New Book: Ambiguous Citizenship in an Age of Global Migration By Aoileann Ní Mhurchú

Ambiguous Citizenship in an Age of Global Migration
By Aoileann Ní Mhurchú
Published by Edinburgh University Press

‘Few studies rethink citizenship with the creativity, imagination, and nuance of this book. Aoileann Ní Mhurchú investigates the politics of citizenship in relation to the struggles of intergenerational migrants, and reveals the value of seemingly fragile, impermanent and transient forms of political subjectivity. Highly recommended.’
– Peter Nyers, McMaster University

‘This book builds on the challenges posed by recent critical analyses of citizenship. It shows not only that many contemporary forms of citizenship exceed national and territorial boundaries but, more significantly, resist the conventional opposition between claims to particular citizenships and claims to a common humanity. It does so by treating citizenship as both process and experience, especially in relation to intergenerational migration. It is a compelling and provocative intervention.’
– R.B.J Walker, University of Victoria, Canada, and PUB- Rio de Janeiro, Brazil

About the Book

Many people see citizenship in a globalised world in terms of binaries: inclusion/exclusion, past/present, particularism/universalism. Aoileann Ní Mhurchú points out the limitations of these positions and argues that we need to be able to take into account the people who get caught between these traditional categories.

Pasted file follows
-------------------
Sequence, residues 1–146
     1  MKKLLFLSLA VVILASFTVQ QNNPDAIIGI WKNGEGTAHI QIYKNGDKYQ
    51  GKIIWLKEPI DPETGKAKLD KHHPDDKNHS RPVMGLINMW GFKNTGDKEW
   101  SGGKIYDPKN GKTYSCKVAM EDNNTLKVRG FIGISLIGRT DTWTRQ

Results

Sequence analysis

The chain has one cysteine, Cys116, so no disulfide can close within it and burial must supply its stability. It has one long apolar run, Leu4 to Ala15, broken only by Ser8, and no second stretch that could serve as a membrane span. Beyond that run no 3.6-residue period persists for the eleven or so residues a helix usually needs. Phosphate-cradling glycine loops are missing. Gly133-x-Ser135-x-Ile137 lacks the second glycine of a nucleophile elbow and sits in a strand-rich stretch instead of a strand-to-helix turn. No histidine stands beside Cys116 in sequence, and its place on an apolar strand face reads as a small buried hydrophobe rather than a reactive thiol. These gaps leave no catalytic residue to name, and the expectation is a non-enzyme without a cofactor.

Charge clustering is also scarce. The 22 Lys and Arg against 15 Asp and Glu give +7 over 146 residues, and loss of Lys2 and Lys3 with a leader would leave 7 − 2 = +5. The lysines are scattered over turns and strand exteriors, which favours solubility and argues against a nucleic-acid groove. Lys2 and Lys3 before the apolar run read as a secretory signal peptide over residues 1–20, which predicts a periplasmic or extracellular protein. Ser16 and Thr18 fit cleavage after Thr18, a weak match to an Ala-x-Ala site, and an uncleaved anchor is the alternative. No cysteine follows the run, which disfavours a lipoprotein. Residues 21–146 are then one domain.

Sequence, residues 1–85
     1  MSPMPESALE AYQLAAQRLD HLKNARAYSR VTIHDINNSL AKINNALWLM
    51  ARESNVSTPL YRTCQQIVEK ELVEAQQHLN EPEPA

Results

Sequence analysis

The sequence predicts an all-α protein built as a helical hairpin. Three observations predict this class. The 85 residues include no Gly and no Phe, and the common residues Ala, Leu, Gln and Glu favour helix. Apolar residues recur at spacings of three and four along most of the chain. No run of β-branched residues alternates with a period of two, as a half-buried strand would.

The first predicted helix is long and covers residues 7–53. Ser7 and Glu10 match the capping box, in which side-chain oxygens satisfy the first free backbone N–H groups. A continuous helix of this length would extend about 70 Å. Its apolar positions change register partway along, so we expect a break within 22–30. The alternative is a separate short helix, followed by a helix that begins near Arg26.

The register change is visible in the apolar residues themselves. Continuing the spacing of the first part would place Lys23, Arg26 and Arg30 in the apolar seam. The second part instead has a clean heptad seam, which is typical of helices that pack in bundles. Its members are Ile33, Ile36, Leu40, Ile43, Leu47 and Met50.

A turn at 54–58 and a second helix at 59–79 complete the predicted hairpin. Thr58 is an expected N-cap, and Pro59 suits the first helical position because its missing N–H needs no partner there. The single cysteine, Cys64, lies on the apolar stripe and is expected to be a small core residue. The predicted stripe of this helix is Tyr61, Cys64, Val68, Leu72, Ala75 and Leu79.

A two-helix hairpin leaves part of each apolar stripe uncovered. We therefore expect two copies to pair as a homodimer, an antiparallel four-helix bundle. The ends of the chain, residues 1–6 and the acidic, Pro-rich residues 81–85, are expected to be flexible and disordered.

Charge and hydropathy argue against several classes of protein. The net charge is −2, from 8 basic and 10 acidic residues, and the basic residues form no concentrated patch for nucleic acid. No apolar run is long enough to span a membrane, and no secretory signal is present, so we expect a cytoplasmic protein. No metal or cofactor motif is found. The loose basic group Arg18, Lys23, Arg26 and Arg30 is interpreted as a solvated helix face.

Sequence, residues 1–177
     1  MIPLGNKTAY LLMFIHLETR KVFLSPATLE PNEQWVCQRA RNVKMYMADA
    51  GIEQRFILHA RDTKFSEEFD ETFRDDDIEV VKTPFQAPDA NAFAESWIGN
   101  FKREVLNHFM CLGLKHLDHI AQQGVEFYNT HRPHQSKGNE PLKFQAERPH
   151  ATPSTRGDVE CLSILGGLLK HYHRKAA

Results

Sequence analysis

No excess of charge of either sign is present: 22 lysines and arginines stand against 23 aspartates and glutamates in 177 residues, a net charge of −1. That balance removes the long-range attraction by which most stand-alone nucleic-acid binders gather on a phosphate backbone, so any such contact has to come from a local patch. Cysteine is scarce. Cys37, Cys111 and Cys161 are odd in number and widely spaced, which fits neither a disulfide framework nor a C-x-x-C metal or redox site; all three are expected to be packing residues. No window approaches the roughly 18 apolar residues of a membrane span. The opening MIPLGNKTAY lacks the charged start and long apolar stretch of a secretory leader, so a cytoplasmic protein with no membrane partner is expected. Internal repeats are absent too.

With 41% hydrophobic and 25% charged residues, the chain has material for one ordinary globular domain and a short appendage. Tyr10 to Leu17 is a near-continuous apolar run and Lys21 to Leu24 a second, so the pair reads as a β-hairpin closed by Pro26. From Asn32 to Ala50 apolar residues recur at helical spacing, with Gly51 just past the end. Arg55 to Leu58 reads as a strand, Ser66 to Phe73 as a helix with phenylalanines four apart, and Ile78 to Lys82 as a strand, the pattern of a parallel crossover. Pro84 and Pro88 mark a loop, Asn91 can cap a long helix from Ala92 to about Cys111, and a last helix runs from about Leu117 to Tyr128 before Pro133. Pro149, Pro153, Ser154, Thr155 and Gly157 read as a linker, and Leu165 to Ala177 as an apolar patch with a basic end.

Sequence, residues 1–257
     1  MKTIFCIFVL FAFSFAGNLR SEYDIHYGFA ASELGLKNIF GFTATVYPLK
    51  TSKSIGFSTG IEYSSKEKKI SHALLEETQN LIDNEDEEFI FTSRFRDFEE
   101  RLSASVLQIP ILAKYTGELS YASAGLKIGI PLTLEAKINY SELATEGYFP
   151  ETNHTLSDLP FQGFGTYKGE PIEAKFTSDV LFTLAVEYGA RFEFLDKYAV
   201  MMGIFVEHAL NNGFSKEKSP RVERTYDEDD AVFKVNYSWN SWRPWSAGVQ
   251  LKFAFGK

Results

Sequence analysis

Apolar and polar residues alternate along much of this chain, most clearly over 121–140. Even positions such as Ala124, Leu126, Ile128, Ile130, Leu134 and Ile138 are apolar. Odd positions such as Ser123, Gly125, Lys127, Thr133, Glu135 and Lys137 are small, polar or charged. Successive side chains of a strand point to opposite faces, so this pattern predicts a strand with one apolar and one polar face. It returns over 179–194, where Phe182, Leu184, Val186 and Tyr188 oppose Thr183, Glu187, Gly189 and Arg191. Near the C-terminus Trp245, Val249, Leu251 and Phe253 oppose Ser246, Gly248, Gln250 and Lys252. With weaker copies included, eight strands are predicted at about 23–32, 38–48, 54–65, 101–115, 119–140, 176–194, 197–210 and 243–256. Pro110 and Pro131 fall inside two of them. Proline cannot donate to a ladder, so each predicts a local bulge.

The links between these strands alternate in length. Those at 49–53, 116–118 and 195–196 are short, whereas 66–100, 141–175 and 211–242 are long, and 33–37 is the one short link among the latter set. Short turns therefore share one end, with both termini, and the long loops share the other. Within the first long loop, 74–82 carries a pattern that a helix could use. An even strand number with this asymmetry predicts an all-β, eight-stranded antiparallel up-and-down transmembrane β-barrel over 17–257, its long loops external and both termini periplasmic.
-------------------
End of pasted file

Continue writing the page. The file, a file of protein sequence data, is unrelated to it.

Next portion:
Using critical resources found in poststructural, psychoanalytic and postcolonial thought, Ní Mhurchú thinks in new ways about citizenship, drawing on a range of thinkers including Kristeva, Bhabha and Foucault. Taking a distinctive theoretical approach, she shows how citizenship is being reconfigured beyond these categories.

Key Features

Provides a new framework for thinking about the limitations of current citizenship scholarship
Links existing insights on intergenerational migration with new literature on citizenship through empirical research
Develops a new way of thinking about the increasingly discontinuous and fragmented nature of citizenship through the concept of trace
Contributes to the growing interdisciplinary field of critical citizenship studies (CCS), which is exploring new forms of citizenship in a globalised world

About the Author

Aoileann Ní Mhurchú is Lecturer in International Politics at the University of Manchester. Her research is located at the intersection of three areas: citizenship studies, international migration and contemporary political and philosophical thought. Visit Aoileann’s research profile.

Find Out More

Visit the book’s webpage on the Edinburgh University Press website
Distributed by OUP USA in the Americas